The neurons in V1 are known to receive inputs from a number of locations, such as the lateral geniculate nucleus (LGN), extrastriate cortex, middle temporal (MT) region, other V1 neurons, etc. In order to model the development of the retinotopic map, in this paper only three kinds of connections are considered: connections from the RGCs to the V1 (via the LGNd), lateral excitatory connections within V1, and lateral inhibitory connections within V1. The LISSOM architecture proves ideal for this kind of simulation, since all these three kinds of connections are available in the LISSOM framework. The strengths (weights) of these connections are updated in LISSOM using a normalized Hebbian mechanism. In this paper, an activity based model for the development of the retinotopic map is described, using the aforementioned SOM and LISSOM architectures. It is proposed that a training regime with rotated and dilated rectangular bars as inputs, could drive the refinement of the retinotopic map, modeled using a LISSOM based architecture.

Although molecular mechanisms are also involved in the formation of the retinotopic map, the model described in this paper focuses exclusively on the activity-dependent mechanisms. Only the initial rough topography imposed on the LISSOM architecture, is assumed to be present as a result of a chemical gradient mechanism. In the LISSOM model, this rough topography by itself does not result in the mapping of eccentricity and meridional angle onto orthogonal axes (See Supplementary Material Figure 3).

The initial SOM simulations were performed primarily to demonstrate that the two abstract features of an object in an image, namely its dilation and rotation would be mapped onto distinct axes by a self-organizing mechanism. Thus, the SOM model is presented as a preliminary model, which paves the way for the LISSOM model. In order to develop a more accurate output map comparable with the theoretical estimate, utilizing a more biologically realistic architecture, the LISSOM based simulations are performed.

## 2. Methods

As mentioned earlier, the complex log map proposed by Schwartz (1977), maps eccentricity and meridional angle to orthogonal axes closely resembling experimental observations. Why did the visual system map eccentricity (scale) and meridional angle (rotation) onto orthogonal axes? Is it possible to explain this phenomenon as a result of activity-dependent plasticity driven by visual stimuli? The key insight underlying the proposed model is as follows: We assume that, due to relative motion, objects are seen by the visual system at various angles (due to relative rotation around the line of sight) and at various scales (due to relative translation along the line of sight). Thus, it is possible that when the same object is presented repeatedly at different scales and angles, the visual system might map, by some process of self-organization, the two properties along two different axes. In order to test this notion, we present rectangular bar patterns at various scales and angles to a self-organizing learning system and observe how scale and rotation are mapped onto the output space. The presentation of the rectangular bars to the model is done in a random order, i.e., at any iteration any rectangular bar of any dilation or rotation could be presented to the model as an input. Thus, training of the system is performed using rotated and scaled versions of whole patterns. However, since the retinotopic map is a point-to-point map between the visual and cortical spaces, ‘point’ inputs are presented to the trained system, and ‘point’ responses are observed. The map thus generated is found to represent eccentricity and meridional angles onto orthogonal axes. In this section the architecture of the SOM and the LISSOM models, used in simulating the development of the retinotopic map are described in brief.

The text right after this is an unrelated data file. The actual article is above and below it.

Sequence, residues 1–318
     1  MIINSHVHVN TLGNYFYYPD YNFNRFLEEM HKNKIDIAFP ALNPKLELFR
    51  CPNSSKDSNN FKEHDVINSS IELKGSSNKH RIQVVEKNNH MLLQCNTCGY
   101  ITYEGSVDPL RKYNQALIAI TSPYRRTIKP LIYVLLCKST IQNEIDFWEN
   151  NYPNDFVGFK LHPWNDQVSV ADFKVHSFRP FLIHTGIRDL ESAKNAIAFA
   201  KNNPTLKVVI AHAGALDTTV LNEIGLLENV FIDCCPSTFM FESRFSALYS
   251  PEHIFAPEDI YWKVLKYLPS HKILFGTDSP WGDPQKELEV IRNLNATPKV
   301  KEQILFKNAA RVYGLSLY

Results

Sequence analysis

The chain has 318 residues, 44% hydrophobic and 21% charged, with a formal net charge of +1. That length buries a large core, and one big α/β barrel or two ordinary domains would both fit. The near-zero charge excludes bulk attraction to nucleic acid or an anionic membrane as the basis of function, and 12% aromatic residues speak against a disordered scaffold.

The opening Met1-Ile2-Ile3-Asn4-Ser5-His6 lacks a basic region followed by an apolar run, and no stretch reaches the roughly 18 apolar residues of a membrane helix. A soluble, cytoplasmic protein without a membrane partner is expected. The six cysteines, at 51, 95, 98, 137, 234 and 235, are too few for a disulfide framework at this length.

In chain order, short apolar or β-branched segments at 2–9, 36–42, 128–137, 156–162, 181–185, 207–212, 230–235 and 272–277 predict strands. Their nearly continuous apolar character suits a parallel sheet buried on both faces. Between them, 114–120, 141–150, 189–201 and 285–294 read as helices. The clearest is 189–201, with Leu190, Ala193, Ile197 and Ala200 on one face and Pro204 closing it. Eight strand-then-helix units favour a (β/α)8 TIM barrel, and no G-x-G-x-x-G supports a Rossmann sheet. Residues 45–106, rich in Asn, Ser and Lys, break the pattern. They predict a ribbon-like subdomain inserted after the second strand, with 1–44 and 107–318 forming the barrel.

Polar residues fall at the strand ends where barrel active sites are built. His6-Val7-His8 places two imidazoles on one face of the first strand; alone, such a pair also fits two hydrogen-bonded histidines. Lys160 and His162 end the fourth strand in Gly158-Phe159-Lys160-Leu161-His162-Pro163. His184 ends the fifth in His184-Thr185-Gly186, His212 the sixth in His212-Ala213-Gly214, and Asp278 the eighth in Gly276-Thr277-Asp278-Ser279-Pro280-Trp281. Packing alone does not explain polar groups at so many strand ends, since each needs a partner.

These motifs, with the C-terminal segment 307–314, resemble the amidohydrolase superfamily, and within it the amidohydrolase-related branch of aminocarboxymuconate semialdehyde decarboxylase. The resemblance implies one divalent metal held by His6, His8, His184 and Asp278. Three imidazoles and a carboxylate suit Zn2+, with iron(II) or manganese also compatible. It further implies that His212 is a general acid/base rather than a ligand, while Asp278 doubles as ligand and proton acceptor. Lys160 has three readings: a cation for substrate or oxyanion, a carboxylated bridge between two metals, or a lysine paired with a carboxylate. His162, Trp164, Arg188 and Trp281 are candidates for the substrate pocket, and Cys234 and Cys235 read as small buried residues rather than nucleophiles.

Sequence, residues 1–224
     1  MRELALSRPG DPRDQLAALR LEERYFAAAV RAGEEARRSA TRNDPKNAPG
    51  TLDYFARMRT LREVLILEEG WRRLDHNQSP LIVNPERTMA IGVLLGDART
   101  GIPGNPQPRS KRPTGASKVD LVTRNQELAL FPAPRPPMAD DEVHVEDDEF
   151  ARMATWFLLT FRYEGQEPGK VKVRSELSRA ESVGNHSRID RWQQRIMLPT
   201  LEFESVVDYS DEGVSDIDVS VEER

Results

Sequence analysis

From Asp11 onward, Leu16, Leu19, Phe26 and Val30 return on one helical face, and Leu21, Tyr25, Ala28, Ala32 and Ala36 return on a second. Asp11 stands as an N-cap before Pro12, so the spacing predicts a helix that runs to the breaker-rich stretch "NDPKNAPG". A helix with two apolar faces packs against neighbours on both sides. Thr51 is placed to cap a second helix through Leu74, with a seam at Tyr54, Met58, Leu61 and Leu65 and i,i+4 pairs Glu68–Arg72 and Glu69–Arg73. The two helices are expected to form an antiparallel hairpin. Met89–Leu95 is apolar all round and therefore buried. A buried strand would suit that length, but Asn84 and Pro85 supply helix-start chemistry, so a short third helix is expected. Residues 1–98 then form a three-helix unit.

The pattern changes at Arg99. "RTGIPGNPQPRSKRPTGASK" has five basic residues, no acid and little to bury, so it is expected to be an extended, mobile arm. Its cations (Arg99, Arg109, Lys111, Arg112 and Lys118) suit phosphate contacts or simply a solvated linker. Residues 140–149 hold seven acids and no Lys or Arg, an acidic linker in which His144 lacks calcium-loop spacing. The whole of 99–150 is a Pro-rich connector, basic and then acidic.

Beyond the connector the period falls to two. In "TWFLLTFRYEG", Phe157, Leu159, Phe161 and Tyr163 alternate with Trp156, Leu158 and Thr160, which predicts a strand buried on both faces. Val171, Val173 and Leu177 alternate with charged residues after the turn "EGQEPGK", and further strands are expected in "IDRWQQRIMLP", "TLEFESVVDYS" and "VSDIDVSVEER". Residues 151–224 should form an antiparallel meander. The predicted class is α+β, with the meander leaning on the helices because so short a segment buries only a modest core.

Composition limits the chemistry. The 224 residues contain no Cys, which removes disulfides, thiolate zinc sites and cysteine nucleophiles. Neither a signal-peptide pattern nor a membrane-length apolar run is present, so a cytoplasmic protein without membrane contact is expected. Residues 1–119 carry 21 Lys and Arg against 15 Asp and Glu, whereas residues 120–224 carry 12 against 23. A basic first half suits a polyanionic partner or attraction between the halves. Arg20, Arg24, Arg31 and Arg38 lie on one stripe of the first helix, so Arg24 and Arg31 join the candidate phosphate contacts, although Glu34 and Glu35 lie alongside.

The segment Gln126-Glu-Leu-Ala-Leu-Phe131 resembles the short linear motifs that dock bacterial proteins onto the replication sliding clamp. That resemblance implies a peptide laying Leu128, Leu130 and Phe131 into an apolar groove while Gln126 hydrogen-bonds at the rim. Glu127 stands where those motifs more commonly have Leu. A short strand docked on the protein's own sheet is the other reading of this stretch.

Any self-organizing architecture maps similar inputs to near by (adjacent) locations in the output space. In the case of the rectangular bars, there are two features namely their dilation and rotation which are considered in order to establish similarity between the inputs. Now since these two features are completely independent of each other, a self-organizing mechanism would map them onto roughly orthogonal axes, in order to maximally utilize the output space.

The Willshaw-von der Malsburg SOM model (Willshaw and Von Der Malsburg, 1976) was initially proposed to demonstrate that correlated activity in the input (retinal) layer, could result in a topography preserving map in the output (tectal) layer. A simplified (in terms of architecture) and more generalized (in terms of input dimensions) version of SOM was proposed by Kohonen (1990). The basic framework for a 2 dimensional output version of Kohonen's SOM is described below.